Sweldens is also one of the tech gurus who came up with the idea of the Virtual Tour of Flanders.
The event was a massive success but can indoor cycling really replace the feeling of cycling outdoors?
“I'm not sure you can really solve that,” Sweldens admits.
“I think you just have to realise that indoor cycling, it's just something different.
“I'm not sure that there is a technology that could bring 3D wind and rain to your living room."
Safety and confidence: Easier for indoor cycling
Ashleigh Moolman Pasio agrees that it’s never going to replace the feeling of going outside for a race
“I think that's one of the nicest things about road cycling - just to be able to get out and be in the fresh air and see the different scenery and just take it all in.”
But the indoors could be an easier first step.
Perhaps more people will build their confidence indoors before venturing outside – especially in places like South Africa.
“It's really difficult because it's not safe. If I'm in South Africa, I wouldn't usually go up training on my own. I'd have to find someone or a group to ride with.
“I think that the virtual world really presents a great opportunity, especially for women in a country like South Africa, for them to have a safe environment, to train and to be able to to develop as a cyclist.
It's also just opened my mind to some some new opportunities in terms of what I could do from afar - Moolman Pasio on virtual cycling
“Being based in Spain, how I could play a role in developing the sport in South Africa. So having the virtual world as a platform, I can actually get onto my indoor bike and train with young riders who are based in South Africa.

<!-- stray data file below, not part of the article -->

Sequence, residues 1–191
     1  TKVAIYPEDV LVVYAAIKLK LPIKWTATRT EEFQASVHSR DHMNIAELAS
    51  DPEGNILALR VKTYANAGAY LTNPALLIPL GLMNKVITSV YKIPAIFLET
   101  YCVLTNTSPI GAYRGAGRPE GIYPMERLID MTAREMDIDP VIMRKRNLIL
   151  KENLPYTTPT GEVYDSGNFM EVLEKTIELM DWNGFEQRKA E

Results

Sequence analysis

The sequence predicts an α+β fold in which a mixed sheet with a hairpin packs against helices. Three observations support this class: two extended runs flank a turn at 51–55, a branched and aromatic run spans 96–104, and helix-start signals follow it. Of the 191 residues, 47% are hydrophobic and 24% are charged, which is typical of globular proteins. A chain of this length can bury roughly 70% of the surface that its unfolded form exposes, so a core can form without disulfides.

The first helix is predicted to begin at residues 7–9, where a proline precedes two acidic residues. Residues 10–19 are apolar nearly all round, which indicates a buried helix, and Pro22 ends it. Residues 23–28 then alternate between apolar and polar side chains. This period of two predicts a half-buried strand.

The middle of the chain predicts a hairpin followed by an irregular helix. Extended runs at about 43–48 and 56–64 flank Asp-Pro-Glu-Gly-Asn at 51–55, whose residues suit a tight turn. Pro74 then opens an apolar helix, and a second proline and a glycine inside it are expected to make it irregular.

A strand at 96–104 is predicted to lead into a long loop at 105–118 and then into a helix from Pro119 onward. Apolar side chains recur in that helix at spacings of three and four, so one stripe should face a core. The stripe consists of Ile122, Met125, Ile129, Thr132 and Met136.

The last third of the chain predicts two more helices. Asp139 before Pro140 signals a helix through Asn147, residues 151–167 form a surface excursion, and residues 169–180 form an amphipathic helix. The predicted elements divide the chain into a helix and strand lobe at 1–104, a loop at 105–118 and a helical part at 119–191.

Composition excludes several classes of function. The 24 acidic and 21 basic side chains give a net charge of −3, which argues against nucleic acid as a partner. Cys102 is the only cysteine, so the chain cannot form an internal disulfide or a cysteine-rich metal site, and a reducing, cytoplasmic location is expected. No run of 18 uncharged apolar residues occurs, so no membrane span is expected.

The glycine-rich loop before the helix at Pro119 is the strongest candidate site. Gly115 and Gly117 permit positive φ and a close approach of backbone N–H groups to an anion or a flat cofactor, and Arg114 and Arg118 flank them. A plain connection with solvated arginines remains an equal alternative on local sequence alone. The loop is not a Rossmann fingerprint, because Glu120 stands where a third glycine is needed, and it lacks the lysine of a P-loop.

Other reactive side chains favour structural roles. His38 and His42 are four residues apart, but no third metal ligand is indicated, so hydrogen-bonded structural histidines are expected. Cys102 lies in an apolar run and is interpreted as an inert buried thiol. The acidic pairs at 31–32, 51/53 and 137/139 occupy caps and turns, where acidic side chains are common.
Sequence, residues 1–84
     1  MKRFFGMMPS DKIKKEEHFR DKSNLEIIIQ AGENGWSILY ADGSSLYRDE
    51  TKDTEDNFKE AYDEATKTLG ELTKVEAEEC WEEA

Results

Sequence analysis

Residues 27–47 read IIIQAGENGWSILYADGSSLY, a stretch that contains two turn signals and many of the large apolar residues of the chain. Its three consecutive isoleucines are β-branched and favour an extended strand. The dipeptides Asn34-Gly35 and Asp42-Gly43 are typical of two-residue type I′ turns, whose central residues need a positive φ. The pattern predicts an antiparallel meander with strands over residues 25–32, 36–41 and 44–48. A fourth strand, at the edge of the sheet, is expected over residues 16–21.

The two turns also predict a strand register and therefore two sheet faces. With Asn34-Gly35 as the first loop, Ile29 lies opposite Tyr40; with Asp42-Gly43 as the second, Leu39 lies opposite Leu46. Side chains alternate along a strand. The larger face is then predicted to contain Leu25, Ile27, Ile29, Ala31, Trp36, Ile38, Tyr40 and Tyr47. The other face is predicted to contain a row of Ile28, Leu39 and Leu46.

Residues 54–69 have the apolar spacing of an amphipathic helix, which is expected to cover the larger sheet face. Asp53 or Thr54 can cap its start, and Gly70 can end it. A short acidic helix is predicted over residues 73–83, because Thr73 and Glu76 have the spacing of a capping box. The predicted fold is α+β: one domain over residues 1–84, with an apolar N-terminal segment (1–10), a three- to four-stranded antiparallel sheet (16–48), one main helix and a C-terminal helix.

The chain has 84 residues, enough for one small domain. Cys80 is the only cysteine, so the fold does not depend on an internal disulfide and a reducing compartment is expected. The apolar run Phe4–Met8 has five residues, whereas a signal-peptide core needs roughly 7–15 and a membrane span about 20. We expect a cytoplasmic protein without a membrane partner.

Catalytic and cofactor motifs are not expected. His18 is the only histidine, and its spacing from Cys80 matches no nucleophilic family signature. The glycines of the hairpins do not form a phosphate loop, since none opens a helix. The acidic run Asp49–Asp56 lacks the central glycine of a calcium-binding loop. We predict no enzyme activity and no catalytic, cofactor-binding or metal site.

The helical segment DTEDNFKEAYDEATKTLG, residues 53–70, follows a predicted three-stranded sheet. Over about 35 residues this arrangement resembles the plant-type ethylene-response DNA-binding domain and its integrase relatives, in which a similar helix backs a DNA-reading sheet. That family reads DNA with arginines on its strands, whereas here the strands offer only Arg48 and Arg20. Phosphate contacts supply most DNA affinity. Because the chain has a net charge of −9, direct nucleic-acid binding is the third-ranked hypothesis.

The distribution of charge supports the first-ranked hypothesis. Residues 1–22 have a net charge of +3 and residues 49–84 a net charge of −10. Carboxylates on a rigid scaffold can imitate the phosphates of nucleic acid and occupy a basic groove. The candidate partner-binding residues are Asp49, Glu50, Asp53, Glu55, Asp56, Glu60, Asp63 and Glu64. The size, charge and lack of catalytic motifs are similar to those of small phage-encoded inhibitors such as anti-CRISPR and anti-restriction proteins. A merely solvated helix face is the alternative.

“I could lead workout sessions, I could race with them online and mentor them along the way."
Virtual racing: A taste of the future that is here to stay
Greg Van Avermaet is convinced that the cycling landscape has changed and indoor events will be taken more seriously - even when outdoor races start happening again.
I think the virtual world will exist and will stay - Greg Van Avermaet on the future of cycling
“It was also already quite big before, I think, with its platforms like Zwift.”
The biggest weakness for indoor cycling remains the lack of connection with nature.
Although that problem will, perhaps, never be solved, Moolman Pasio believes the two disciplines can exist in tandem.
“I think to continue to motivate yourself indoors is, I suppose, the biggest challenge.
“To be able to get a combination of the two is the ideal because definitely outdoors is where we get all our inspiration.”
This article was adapted from an episode of the Olympic Channel Podcast. Subscribe for inspirational interviews every Wednesday.